Preventing Violence: The Mental Health Community Must Step Up!

Following the terrible events at Newtown, CT, there have been many calls for the mental health community to step up to fight this senseless violence.

The question is “How?”  While the links between violence, mental illness and gun control are very complex, is it possible that we can do more?  Certainly the mental health community knows how to help people deal with trauma, grief and loss, and On Good Authority has produced several programs on these topics.  But what do we know about prevention?

Do we know enough about what some researchers have called “Pathways to Violence” to be predictive?

Do we know enough about threat assessment, warning behaviors, and risk factors?

What about assessing likely severity and probability of outcome?

Can these behaviors be identified, coded, and utilized in a valid manner?

Is there a “People who might be Violent Someday” database, as there is with sex offenders and with people who threaten the President?

Do we report schizophrenics to some as yet unknown place?

Do we report anyone who seems weird?

Do we report people with Asperger’s?

What about our ethical standards regarding confidentiality and duty to warn?

Once a person is identified as a serious risk, then what?

And really, given the demographics of the rarity of these terrible events, and the epidemiology showing that only 4 percent of violence in the United States  can be attributed to people with mental illness, would new laws about this be overreacting?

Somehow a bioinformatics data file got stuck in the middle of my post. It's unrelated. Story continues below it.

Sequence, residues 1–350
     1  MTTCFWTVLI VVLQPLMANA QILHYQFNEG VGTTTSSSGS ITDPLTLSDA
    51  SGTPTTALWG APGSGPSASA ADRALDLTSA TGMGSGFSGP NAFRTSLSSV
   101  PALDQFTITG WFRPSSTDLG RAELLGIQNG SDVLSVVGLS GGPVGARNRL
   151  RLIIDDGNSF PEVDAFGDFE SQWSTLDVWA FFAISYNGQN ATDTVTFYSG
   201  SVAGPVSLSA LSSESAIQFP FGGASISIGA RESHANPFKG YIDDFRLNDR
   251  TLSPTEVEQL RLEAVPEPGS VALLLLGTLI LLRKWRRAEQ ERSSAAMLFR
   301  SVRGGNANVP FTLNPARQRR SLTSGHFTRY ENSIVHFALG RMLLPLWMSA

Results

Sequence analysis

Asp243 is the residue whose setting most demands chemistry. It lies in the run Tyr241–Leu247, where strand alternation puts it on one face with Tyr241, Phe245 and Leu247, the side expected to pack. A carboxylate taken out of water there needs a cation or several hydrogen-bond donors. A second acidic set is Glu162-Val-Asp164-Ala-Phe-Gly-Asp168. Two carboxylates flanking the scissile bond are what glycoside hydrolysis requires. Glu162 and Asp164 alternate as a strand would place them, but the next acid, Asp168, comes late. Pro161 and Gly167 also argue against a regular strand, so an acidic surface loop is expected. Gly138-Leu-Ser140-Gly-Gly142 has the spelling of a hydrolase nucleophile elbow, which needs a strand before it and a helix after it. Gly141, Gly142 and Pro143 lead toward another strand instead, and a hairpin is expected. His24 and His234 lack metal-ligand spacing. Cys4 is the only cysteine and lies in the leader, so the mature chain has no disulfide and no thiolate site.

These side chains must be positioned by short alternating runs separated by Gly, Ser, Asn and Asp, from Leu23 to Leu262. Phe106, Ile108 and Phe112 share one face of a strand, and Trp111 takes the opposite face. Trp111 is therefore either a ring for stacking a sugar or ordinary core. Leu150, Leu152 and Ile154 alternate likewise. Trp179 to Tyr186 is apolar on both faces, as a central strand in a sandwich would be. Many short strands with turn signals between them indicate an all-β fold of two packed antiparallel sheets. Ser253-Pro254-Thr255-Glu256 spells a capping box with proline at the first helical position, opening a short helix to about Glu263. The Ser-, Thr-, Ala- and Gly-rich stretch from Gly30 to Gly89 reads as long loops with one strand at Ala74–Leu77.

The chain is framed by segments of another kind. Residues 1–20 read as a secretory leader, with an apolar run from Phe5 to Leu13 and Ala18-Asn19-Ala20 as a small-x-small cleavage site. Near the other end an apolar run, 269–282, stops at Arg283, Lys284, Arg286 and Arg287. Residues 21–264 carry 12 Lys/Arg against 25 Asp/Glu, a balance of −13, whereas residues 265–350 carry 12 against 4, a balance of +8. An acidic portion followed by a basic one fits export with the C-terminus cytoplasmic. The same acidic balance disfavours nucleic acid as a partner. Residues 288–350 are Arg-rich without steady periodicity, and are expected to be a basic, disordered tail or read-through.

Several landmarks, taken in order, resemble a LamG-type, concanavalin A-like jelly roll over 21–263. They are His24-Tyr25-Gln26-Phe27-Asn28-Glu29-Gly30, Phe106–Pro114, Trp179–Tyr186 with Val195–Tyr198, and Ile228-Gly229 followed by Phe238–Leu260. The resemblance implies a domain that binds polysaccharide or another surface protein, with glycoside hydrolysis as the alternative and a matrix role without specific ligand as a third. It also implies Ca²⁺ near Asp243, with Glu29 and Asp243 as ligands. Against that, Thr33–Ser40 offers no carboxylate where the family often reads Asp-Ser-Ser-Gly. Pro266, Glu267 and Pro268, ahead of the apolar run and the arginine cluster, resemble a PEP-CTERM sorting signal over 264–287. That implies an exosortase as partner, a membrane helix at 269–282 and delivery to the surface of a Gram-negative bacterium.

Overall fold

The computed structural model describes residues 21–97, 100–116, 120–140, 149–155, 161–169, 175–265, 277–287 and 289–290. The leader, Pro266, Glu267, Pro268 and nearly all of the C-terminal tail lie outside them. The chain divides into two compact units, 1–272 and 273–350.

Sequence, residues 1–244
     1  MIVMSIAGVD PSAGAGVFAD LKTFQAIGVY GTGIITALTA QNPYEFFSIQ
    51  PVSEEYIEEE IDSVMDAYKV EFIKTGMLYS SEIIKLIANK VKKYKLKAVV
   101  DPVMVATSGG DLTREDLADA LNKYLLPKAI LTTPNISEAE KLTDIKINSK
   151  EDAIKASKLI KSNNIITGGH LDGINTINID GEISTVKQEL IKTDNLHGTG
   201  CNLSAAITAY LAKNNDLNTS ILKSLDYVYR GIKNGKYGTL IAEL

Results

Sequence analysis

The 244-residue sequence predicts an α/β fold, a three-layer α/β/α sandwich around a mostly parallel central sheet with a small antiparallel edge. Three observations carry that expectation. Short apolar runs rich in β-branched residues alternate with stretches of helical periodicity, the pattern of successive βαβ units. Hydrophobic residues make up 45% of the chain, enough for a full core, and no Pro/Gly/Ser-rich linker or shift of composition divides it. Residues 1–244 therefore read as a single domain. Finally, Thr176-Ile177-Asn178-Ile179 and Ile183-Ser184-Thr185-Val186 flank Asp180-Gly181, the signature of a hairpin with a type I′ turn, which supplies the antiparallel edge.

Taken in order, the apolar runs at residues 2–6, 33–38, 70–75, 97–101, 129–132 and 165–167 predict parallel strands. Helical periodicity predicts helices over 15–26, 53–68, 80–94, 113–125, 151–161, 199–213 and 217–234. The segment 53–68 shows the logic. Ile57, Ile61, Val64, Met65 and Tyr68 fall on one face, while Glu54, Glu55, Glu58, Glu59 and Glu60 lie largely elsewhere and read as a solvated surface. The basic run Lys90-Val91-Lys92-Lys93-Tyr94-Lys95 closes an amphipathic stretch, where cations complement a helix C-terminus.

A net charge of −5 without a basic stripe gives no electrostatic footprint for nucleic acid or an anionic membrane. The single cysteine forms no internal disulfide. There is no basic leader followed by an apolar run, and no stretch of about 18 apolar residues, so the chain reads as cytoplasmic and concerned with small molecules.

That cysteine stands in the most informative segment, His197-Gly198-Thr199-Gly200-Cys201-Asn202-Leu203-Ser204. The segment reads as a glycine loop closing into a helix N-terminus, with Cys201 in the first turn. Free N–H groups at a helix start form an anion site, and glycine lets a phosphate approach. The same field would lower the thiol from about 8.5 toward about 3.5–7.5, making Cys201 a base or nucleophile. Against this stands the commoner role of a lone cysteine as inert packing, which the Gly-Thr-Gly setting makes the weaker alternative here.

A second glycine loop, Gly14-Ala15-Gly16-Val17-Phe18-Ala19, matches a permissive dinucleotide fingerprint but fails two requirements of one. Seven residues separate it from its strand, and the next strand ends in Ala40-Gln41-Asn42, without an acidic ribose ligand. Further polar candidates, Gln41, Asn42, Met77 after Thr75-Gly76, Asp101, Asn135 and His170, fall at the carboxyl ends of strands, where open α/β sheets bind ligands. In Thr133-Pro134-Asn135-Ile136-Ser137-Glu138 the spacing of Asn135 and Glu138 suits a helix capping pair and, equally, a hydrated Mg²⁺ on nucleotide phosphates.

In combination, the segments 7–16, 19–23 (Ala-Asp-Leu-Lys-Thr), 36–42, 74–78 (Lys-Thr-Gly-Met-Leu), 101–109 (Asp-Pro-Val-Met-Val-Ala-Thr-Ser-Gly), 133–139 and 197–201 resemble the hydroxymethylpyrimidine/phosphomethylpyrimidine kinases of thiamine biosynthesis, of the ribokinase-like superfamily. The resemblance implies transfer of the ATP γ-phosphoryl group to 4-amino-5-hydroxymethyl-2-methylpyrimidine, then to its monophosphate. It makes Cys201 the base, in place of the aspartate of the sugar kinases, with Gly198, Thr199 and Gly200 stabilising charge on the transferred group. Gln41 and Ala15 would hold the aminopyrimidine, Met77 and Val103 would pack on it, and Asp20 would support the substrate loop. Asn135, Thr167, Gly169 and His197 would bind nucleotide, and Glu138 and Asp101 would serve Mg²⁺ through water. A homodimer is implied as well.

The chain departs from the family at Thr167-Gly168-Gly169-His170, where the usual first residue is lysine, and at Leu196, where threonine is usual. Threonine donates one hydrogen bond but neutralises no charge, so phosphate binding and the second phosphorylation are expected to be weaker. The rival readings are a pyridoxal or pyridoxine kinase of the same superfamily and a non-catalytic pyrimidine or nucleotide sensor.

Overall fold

You might wish to read the excellent article, “The Role of Warning Behaviors in Threat Assessment: An Exploration and Suggested Typology,” by J. Reid Meloy, Ph.D.*, Jens Hoffmann, Ph.D., et al, published in Behavioral Sciences and the Law, 2011.  Here is the link:

Let’s try, in these next few weeks, to pool our ideas and get a dialogue going.  Then we can pull a report together and send it to—where?  To our professional organizations?  To Homeland Security?  To our representatives in Congress?  To the FBI, as with people who threaten the President?  Maybe one of you knows.

Surely, with our collected knowledge, we can make some contribution to help save our children and ourselves from massacres like these.

Barbara Alexander, LCSW, BCD


3 thoughts on “Preventing Violence: The Mental Health Community Must Step Up!

  1. I sure hope that we don’t ever report people with Asperger’s or schizophrenia. Seems to be it would be a terrible invasion of privacy and might prevent many from seeking care. I think treating people with mental illness as if they are criminals or ticking time bombs adds to the stigma these people already experience and perpetuates bias and discrimination against people who live with mental illness.

    The majority of people with these diagnoses will not be violent. It breaks my heart to imagine some sort of government intervention requiring reporting of these diagnoses in the absence of any other risk signifiers.

  2. Mary Rich on Dec 20, 2012 said:
    I have a client who has just purchased a gun.
    I’m pushing him to get rid of it. This is definitely something we can do. Having one is SO
    Newtown makes me sick– like all of us!

  3. Mark Smaller, Ph.D. wrote:
    How Can We Help: (was posted on the American Psychoanalytic Association
    website (

    Newtown: Horror and Tragedy I happened to be working from home today when I received the first CNN alert. As the morning wore on, worst fears were realized. Again, unthinkable horror of children, teachers and staff being cut down by a shooter. I knew our association would need a response, but thinking of my own young children at school today immobilized me.